A retrospective study conducting a safety assessment and comparison between two percutaneous devices commonly used for left atrial appendage (LAA) closure in the US has shown a significant increase in reported safety events following US FDA approval of the Watchman (Boston Scientific) device. The study by Jazayeri et al was published in the Journal of Cardiovascular Electrophysiology last week.
The study analysed data for the Watchman as well as the Lariat (SentreHEART) device from the FDA Manufacturer and User Facility Device Experience (MAUDE) database in the period 2009–2016. The comparative analysis also showed that the cumulative incidence rate of major complications—including stroke or transient ischaemic attack (TIA), pericardiocentesis, cardiac surgery and death—occurred more frequently with Watchman than with the Lariat (1.93% vs. 1.15%; p=0.001), although there was no significant difference specifically for mortality.
Surgical closure of the LAA is a viable option for treatment of atrial fibrillation (AF), particularly for AF patients with intolerance or contraindication to oral anticoagulants, as well as elevated stroke risk. As new strategies for percutaneous LAA closure have emerged, and with Watchman and Lariat as the only two devices currently approved by the FDA for use in the USA, this study sought to evaluate and compare the safety of those devices.
Drawing from 356 unique and relevant medical device reports available in the MAUDE database for the period 2009–2016, the cumulative incidence of safety events for each device was compared to the total cases where LAA closure was performed with Lariat or Watchman. The results, which indicated lower rates of reported events following LAA closure with Lariat than with Watchman devices, also revealed that for both devices, “quite a few” reported safety events that followed shortly after FDA approval and adoption into clinical practice.
For Watchman, comparing the composite of reported major complications experienced pre- and post-approval showed a significant increase in event rates. 5,849 Watchman procedures were performed in the USA during the study period, with a cumulative incidence of reported events at 8.1%. A clear uptick in events following FDA approval in 2015 for the Watchman can be observed in the temporal trends in complications including death, stroke/TIA, pericardiocentesis and urgent surgery, going 1-7 events per year to a total 88 events in 2015, and 35 events in 2016.
A steep learning curve
The study offers a possible explanation for the phenomenon, observing that the trend of increased complications following device approval may vary depending on different approval pathways. Lariat received 510(k) approval for soft tissue ligation and off-label use for LAA closure, while the Watchman device went through the FDA pre-market approval pathway. Consequently, the study notes, “the Lariat was consistently used by a group of operators who gained experience over time”, while the Watchman “opened up for implantation by all operators that may have resulted in higher complications due to the steep learning curve”.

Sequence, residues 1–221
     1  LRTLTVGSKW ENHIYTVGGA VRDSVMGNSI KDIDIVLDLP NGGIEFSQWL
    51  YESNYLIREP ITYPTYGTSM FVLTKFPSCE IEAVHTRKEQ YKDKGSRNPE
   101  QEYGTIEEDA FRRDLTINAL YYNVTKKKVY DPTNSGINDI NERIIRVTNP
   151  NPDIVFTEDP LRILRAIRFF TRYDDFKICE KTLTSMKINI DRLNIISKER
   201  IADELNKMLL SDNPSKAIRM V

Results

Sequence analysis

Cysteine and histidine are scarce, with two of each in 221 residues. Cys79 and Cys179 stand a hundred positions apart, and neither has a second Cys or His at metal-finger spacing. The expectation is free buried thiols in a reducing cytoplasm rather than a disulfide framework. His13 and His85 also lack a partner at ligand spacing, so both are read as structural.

One of the authors of the study, Dhanunjaya Lakkireddy (University of Kansas Hospital, Kansas City, USA) spoke to Cardiac Rhythm News, emphasising that “transition from research phase to clinical implementation has to be handled properly. Because the device moves from the hands of a limited, highly skilled operators and experienced support staff to a large number of institutions with operators that are less skilled in the given procedure supported by less experienced staff. We need to figure out a way to make this learning curve shorter and less steep.”
Although based on reports in the FDA MAUDE database, the study concluded that the database itself was flawed in its limited and superficial view of a device’s safety profile. The reports are split between mandatory reports and voluntary reports, with the database showing “clear discrepancies” and lack of information in the database. More rigorous post-approval studies as well as registry participation was recommended in order to improve the feedback mechanism and detection of important safety signals.
To further improve the process of implementing recently approved medical devices for use in LAA closures, the study suggests that operator training may play an important role in reducing incidence rates.
“Robust educational and training requirements are probably a key to minimizing the post market release complication spikes”, Lakkireddy says. “A mandate from FDA and a solid implementation plan from the device manufacturer will be critical. An appropriate appraisal of operator skills and phased roll-out with close monitoring of outcomes will be a good start.”
Lakkireddy points out that networks and opportunities for training and effective knowledge distribution are already available. “There are several educational opportunities like the International Symposium on LAA (ISLAA) that are held on an annual basis, where the new as well as experienced operators can avail to improve their overall understanding of the LAA science and learn from the shared experience of operators from all over the world.”
The availability of trainers is limited by the industry to operators and centers with a large volume only. The people who wrote this commentary belong to this group and nurtured by the industry. Their view is sqewed and does not apply to “others”